The proposals come at a time when law school applications nationwide are declining. The number of people applying to the 198 ABA-accredited law schools and the nine provisionally accredited schools dropped for the fourth year in a row, according to the Law School Admission Council.
Preliminary figures for this autumn show a 1 percent decline in the number of applicants, while the number of overall applications increased by 2.7 percent. The figures indicate that while fewer people are applying to law school, they are submitting more applications.
The American Bar Association cannot limit the number of law schools that seek or obtain accreditation because of restraint of trade issues. In addition, the accreditation process does not specifically require law schools to demonstrate that their students can find employment after graduation.
Nationally, some educators have issued cautions to colleges planning new law schools. They warn that a start-up program can cost up to $50 million, and that it's hard to recoup the investment because of high operating costs that include faculty salaries and additional admissions officers.
Kaplan said UNH projects that it would need start-up capital of $20 million, and that the university is "talking to major donors right now." The feasibility study revealed that a surplus in the university's operating budget could cover the first three years of operating expenses, Kaplan said.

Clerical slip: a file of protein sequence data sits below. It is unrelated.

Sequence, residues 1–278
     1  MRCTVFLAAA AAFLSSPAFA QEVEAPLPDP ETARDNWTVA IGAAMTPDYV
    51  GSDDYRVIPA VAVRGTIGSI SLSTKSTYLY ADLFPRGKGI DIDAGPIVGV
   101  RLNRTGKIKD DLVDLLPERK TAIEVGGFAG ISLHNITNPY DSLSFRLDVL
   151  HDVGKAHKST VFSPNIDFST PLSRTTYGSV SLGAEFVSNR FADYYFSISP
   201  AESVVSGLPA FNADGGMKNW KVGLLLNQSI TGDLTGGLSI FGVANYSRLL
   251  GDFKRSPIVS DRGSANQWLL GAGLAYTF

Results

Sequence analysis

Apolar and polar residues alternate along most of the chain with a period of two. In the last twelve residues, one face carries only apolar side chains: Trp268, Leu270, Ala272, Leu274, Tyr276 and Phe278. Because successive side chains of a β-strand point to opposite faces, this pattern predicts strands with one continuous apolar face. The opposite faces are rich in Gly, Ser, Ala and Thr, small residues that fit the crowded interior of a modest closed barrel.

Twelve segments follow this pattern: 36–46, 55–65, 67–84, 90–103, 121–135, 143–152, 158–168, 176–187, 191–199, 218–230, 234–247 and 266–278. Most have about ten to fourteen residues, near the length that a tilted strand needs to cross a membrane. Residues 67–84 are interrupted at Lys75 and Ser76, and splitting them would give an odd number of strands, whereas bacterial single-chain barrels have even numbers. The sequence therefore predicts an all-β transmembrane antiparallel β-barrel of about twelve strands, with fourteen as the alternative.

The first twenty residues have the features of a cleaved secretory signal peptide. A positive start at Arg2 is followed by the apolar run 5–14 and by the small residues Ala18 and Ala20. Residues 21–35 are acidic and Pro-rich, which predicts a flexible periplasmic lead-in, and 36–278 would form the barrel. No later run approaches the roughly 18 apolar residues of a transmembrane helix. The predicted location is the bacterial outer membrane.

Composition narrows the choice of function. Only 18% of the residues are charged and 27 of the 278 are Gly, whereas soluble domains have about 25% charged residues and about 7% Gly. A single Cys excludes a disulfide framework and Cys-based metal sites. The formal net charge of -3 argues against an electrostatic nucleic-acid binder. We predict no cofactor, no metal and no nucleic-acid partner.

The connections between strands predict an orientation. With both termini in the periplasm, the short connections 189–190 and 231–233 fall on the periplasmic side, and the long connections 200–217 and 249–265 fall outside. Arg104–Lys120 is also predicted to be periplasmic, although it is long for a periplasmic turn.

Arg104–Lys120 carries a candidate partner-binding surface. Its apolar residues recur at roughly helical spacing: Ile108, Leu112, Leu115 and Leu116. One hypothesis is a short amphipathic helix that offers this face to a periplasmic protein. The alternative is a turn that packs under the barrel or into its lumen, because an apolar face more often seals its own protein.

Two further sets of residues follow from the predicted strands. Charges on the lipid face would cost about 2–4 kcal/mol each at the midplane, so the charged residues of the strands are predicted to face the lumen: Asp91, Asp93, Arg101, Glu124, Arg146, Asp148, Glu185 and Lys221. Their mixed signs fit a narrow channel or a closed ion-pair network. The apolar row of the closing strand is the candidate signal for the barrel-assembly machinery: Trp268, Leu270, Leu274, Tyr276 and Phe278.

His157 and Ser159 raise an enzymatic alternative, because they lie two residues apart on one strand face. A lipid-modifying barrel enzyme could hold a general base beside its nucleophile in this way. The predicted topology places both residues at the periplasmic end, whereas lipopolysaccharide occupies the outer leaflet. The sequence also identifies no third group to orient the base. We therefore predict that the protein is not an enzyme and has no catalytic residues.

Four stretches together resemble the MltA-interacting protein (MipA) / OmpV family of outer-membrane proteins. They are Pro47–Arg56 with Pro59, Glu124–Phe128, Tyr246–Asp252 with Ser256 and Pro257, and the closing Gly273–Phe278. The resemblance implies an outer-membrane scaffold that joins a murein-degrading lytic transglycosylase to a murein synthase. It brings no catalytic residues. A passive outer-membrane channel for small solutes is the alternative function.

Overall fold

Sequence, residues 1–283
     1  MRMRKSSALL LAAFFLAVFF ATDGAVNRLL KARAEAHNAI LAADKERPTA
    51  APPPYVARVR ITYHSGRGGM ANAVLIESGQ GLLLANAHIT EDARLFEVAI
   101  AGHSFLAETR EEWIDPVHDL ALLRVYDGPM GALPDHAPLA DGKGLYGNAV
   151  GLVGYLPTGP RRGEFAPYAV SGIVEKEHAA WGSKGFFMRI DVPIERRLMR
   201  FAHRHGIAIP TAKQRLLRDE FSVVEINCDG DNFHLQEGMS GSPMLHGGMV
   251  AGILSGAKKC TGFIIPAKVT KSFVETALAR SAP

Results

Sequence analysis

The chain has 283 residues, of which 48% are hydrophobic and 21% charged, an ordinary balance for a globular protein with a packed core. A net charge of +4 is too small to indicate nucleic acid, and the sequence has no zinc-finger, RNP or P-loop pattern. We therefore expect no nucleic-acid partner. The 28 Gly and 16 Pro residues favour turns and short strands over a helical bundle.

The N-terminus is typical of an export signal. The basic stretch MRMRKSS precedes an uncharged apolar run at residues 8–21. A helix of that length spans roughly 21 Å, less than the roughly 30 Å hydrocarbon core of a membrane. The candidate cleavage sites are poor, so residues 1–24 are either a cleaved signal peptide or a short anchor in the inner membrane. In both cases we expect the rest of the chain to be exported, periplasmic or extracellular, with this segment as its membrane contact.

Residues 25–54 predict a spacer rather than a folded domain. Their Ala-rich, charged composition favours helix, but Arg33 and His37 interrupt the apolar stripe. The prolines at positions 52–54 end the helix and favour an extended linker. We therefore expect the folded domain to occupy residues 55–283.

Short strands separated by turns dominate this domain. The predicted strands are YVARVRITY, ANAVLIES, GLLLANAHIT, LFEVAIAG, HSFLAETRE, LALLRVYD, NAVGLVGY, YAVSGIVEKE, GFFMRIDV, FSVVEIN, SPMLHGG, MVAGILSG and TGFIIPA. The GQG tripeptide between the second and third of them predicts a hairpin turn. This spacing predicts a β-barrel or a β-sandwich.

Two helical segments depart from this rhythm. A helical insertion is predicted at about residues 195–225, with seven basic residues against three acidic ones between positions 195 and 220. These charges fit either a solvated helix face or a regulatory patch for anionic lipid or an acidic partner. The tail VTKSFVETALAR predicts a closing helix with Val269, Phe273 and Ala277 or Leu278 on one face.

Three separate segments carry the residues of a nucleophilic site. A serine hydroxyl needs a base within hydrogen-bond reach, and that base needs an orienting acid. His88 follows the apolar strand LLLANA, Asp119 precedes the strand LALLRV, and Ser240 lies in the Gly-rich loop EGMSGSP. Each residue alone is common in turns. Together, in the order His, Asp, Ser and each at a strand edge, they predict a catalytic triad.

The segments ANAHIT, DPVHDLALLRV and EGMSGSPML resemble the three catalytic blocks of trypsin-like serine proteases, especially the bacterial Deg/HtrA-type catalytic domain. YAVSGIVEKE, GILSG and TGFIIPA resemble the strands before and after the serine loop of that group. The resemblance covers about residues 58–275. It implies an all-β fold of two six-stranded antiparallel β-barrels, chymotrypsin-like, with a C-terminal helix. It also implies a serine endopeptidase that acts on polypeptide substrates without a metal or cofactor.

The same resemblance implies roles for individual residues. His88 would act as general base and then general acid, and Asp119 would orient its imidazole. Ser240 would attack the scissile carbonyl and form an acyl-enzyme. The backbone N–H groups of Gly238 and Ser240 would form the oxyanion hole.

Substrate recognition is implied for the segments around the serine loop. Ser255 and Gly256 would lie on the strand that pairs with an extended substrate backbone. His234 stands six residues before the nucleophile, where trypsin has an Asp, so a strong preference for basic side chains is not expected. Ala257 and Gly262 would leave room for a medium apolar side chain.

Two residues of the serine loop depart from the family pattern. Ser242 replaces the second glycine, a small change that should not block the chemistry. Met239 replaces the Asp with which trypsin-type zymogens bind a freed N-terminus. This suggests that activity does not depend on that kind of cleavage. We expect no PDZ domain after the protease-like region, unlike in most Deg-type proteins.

The school also is searching for 100,000 square feet of physical space for the law school, which could come from rehabbing an existing building.
UNH first considered a law school shortly after Quinnipiac absorbed the University of Bridgeport's law school in the 1990s. Many faculty members believed UNH should have made a stronger push to obtain that law school, Kaplan said.
Quinnipiac School of Law Dean Brad Saxton declined comment on the proposal for a new law school just 15 miles from his campus. But other sources say that UNH may be able to take advantage of a decision by Quinnipiac to decrease the size of its law school classes and focus on students who score highest on the LSATs.
The idea is that the better students will find jobs at bigger law firms, which in turn would enhance the school's position in the influential U.S. News & World Report rankings. In this year's national rankings of law schools, Yale was No. 1 and UConn was 46th. Quinnipiac was considered a third-tier school, ranking outside the top 100.
Meanwhile, deans at Yale and UConn said the more law schools the merrier.
Yale Law School Dean Harold Hongju Koh is a New Haven native who spent his childhood watching baseball games at UNH. "I admire the way the university has grown and developed," he said. Though he was unaware of UNH's proposal for a law school, "I'd be the last guy to discourage it."
Koh added that a new law school would provide additional opportunities for Yale Law School graduates who are interested in teaching.
UConn School of Law Dean Jeremy Paul said his school is "very supportive" of UNH's endeavors. "We would welcome any university that works to put together a quality program," he said.
This story includes reporting from The National Law Journal, sister publication of the Connecticut Law Tribune